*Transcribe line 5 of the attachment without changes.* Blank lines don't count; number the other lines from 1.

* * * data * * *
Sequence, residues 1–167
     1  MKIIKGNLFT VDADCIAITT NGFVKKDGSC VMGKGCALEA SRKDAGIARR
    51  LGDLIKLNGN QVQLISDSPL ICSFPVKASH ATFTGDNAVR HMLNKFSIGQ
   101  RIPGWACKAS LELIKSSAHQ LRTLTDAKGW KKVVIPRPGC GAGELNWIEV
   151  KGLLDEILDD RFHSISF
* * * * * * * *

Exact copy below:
   151  KGLLDEILDD RFHSISF